I finished my 2nd Widdershins-type heel on my brother's 2nd sock. Woo-hoo! No pix, though -- luckily, it looks just like the other one!
I want to write up how I did it, mostly for my own reference, since I suffer from the dreaded disease CRS (can't remember shit) but possibly this will help someone else doing this type of heel construction over a 72-stitch sock.
Brooke, the designer of this lovely sock, was very gracious in trying to help further illuminate her formula. However, I have to admit that I did not struggle with the formula any more, having already worked out a set of numbers that seemed to work for me, using simple arithmetic and staring at her sock pattern a lot.
It goes like this (I am not intending to write a full pattern here, just notes on the heel construction -- beware, a certain amount of fudging is involved):
Gusset increases: starting about 2-1/2 inches before desired length (at 7" for me, since I want a 9-1/2" sock for my brother), start doing paired gusset increases every other row, 1 stitch in from the divide between the heel and instep stitches, until you have increased 13 stitches on each side, for 62 heel stitches.
Heel turn: the idea is to take the 27 center heel stitches and increase them to 37 stitches, using short rows. I have 62 heel stitches. An odd number might be better to perfectly center that heel turn, but 1 stitch off, at 9 st./in.? I can't be bothered. I used stitch markers to mark off the 27 center stitches, and the approximate center of the heel. (Openable stitch markers were very useful to me here, due to my many mis-steps.) Knit across to 2 stitches from the left side of the heel turn stitches, M1, K1, w&t. Purl across to 2 stitches from the right side of the heel turn stitches, M1, P1, w&t. Knit across to 3 stitches from the last wrapped stitch -- the idea is to wrap the 1st stitch, 3rd, 5th, 7th and 9th stitches from each side. At each side, K1 or P1, M1, w&t. This takes 10 rows, and you should have 37 stitches.
Work 1 round over all stitches (99 -- 36 instep, 37 heel, 26 gusset stitches), ending at center heel. As Brooke said, "When you encounter a wrapped stitch, pick up the wrap and place it on your left needle, then knit it together with the stitch which it had wrapped."
Heel flap: Now we are going to knit the heel flap back and forth between the gusset stitches. Start your heel stitch or eye-of-partridge stitch here if you want. At each edge of the flap, a decrease (either p2tog or SSK) (actually, I use slip 1, K1, PSSO, but it takes too much longer to type) joins flap to gusset and decreases away the gusset stitches.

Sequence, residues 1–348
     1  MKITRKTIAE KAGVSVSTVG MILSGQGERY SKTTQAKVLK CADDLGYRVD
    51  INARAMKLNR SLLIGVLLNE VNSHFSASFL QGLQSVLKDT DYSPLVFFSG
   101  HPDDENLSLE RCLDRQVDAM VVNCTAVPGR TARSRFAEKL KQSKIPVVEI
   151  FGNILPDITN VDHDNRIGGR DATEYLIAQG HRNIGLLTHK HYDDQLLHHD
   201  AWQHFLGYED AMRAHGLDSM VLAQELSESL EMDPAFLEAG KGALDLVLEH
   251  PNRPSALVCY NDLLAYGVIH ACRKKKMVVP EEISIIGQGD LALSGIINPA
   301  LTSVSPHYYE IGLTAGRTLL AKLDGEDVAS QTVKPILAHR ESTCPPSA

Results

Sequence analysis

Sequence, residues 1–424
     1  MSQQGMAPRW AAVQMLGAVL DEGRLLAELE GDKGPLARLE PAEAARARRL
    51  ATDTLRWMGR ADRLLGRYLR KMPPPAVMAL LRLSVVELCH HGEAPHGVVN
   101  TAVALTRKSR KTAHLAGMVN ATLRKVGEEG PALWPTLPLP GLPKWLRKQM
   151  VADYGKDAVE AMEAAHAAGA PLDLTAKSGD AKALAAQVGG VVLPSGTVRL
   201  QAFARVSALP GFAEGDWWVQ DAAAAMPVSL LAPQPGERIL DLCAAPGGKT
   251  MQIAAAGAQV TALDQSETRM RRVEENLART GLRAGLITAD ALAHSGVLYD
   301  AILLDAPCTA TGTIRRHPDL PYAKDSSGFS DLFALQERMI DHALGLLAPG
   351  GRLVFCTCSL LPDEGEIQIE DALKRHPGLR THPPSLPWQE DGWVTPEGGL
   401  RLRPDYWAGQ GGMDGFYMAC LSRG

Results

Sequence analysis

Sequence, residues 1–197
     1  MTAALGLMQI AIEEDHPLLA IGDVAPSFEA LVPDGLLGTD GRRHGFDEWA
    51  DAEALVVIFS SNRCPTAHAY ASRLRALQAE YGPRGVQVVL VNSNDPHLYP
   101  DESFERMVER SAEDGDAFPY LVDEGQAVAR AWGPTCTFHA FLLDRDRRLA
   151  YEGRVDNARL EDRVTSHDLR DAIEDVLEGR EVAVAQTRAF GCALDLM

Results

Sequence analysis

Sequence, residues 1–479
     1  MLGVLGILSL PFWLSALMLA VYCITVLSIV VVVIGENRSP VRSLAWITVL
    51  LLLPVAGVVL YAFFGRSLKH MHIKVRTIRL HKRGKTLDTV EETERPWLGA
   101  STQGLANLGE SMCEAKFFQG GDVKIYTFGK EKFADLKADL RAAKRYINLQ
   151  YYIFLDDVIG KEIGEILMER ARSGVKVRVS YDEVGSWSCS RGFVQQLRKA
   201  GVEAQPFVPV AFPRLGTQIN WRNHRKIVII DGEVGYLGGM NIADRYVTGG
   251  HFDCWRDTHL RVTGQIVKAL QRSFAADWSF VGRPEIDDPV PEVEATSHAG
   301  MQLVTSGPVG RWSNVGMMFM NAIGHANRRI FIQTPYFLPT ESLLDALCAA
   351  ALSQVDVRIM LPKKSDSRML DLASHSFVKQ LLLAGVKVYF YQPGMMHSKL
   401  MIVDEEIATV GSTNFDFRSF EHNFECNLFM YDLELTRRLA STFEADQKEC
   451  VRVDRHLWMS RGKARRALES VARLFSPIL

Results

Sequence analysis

Knit to 2 stitches before your marker indicating the left edge of the heel turn stitches, and SSK. Turn without wrapping. Purl across to the other edge, and 2 before the marker on that edge, P2tog, turn without wrapping. Repeat (you'll have to remove the markers), but each subsequent decrease is done across, and closes up, the gap left by the turn on the previous row. When I've decreased all my gusset stitches away, I have 34 heel stitches. Re-commence knitting in the round, but pick up an extra stitch on each side of the heel stitches.
And there you are! What could be easier? Someday I'll figure out the whys and wherefores of heel construction, but meantime I'm blindly groping through some of these different types of heels.
In other knit news -- I had a great time at Eweforia on Friday night, and will post pix on that blog when I get a chance. We have to hustle to finish up the baby log cabin blanket that DD and I are making, the baby's shower is Sunday! 10 out of 12 blocks are completed, DD has finished the center of the 11th block, and I have started doing the joining. I'm doing it in a manner of my own unvention -- using a crochet hook, make a single stitch first in the bind-off row of one square, and then in the other square, continuing alternating between the two until you get to the end. I think the backing will be done by tying it at the intersections of the squares like a tied quilt, starting in the middle, to allow me to hide the knots between the layers, working my way out, and then stitching all around the edge, somehow. Is that vague enough for you? I don't think the baby will make an appearance at the shower, he is still in the hospital after arriving 7 weeks before his due date (which is still a month off). However, he is nursing, gaining weight, and otherwise making good progress.
After the baby quilt, it will be time to start the Xmas project that must be shipped to Vermont! It's going to be a close thing as to whether I make my Xmas list goals that I've set for myself. Dad might have to sacrifice himself and wait for his hat, since I already knit him a scarf, so that others who have not received any hand-knits yet may get some this Xmas. How noble of him! If only he knew the noble sacrifice that he might be making.